Erasmus student programme sets record
The EU’s top education official, Androulla Vassiliou, has called for a revamped Erasmus student exchange programme to place more emphasis on youth employability in the coming years, as the European Commission reveals a record 253,000 students took part in the programme last year.
Nearly 253,000 students received Erasmus scholarships during 2011-2012, a rise of 7.5% on the previous year, receiving an average of €252 per month of European funds.
This meant that since its inception in 1987 three million students have received a grant from the programme, which has increased in size every year except for one (1996-1997). Demand also exceeded the availability of grants in most countries in 2011-2012.
More than 46,000 academic and administrative staff also received a grant to teach or train abroad in the last year.
Vassiliou, the European commissioner responsible for education and youth, said the record figures showed the enduring popularity of the programme, adding that Erasmus was “more important than ever” in times of economic hardship and high youth unemployment.
“The skills and international experience gained by Erasmus students make them more employable and more likely to be mobile on the labour market,” she said in a statement.
Vassiliou said the number of students choosing a job placement had grown by 18% compared to the previous year, with one in five now opting for work over academic experience.
The Commission has sought to reverse the EU’s downward youth employment trend, which stands at of 23.9% in the eurozone, with a series of measures, including an €8 billion Youth Guarantee to offer the under-25 a job, an apprenticeship or higher education within four months of leaving secondary school.
The EU has also agreed on a revamped "Erasmus Plus" programme for launch in January 2014 aimed at providing opportunities for four million, mostly young, people to study, train or volunteer abroad during the years 2014-2020, the duration of the EU’s next long-term budget.
Vassiliou expects the programme to receive €14.5 billion financing over the period, 40% more than the current EU learning programmes.
One area it will target is higher education, with emphasis on masters' degrees.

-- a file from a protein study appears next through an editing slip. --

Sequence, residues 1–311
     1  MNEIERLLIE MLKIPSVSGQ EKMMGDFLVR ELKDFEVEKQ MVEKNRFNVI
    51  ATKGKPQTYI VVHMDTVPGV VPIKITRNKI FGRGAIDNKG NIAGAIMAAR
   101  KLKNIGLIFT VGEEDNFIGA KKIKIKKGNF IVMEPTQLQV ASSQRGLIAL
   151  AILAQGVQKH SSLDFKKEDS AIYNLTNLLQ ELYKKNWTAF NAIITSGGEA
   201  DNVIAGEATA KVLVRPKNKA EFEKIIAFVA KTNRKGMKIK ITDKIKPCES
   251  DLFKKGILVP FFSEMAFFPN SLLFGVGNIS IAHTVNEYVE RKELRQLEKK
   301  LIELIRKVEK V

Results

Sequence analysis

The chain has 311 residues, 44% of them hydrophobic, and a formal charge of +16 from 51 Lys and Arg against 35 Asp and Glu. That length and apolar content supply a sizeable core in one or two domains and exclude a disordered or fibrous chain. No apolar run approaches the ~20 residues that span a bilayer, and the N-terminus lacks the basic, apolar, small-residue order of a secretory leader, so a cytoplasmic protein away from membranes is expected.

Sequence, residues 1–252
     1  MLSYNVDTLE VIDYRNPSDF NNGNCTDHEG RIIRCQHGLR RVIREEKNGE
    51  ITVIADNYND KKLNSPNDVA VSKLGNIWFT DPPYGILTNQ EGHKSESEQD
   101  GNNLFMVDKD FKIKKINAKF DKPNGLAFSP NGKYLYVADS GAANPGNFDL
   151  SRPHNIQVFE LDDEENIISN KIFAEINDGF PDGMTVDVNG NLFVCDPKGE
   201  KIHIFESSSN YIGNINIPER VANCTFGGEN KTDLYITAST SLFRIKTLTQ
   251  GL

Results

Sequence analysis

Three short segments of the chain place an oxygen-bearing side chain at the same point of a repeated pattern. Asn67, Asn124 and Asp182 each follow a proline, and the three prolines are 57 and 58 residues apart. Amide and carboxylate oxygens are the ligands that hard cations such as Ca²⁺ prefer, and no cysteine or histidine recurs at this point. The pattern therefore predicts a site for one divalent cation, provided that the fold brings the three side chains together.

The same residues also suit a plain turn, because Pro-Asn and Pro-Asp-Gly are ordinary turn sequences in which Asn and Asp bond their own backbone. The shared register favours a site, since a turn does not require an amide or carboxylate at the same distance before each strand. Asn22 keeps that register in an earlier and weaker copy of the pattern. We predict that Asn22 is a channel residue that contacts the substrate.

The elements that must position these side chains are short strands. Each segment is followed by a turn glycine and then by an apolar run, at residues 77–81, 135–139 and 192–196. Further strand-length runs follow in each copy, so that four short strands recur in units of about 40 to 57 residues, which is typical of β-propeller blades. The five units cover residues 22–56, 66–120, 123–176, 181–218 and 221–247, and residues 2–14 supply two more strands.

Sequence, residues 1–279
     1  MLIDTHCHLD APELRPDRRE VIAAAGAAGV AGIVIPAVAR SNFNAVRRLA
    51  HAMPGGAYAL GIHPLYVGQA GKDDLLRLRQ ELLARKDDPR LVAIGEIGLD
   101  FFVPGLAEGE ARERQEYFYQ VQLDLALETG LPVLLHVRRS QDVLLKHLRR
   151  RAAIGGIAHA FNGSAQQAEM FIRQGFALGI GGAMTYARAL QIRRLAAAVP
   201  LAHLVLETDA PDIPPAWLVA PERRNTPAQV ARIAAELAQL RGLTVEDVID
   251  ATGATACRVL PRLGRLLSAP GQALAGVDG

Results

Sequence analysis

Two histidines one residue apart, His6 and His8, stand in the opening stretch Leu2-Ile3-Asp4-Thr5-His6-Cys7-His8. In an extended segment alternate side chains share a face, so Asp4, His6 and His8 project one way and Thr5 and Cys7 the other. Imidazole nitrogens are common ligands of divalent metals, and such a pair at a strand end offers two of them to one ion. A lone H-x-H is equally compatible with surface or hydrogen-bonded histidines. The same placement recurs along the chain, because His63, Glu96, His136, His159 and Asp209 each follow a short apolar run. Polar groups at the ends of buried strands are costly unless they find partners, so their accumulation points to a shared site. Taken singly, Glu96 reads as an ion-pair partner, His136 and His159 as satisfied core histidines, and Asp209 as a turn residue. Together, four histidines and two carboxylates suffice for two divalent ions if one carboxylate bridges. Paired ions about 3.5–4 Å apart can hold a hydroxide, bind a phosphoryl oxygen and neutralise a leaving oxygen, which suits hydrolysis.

“One innovation under the new programme is that we have the new loan guarantee facility for a complete master degree abroad It is the first time … because masters degrees are very sought by employers and we don’t have anything else in order to give the possibility to young people to go abroad for this master’s degree,” she told reporters in Brussels.
Depending on the course, the EU will supply loans of either €12,000 or €18,000 with favourable terms, including low interest and repayment after employment.
A recent Organisation for Economic Co-operation and Development study said that people who had completed higher education were most resistant to the economic crisis, with relatively lower unemployment levels, regardless of age.
Erasmus Plus will combine into one more system the current medley of initiatives under the EU’s so-called Lifelong Learning Programme, made up of Erasmus, Leonardo da Vinci, Comenius and Gruntvig, as well as other international programmes such as Erasmus Mundus, Youth in Action and Edulink.
The programme will also include education and training in sport for the first time.
Thirty-three countries take part in the Erasmus programme, the EU member states, Iceland, Liechtenstein, Norway, Switzerland and Turkey.
Erasmus became part of the EU's Lifelong Learning Programme in 2007, covering new areas such as student placements in enterprises (transferred from the Leonardo da Vinci Programme), university staff training and teaching for business staff.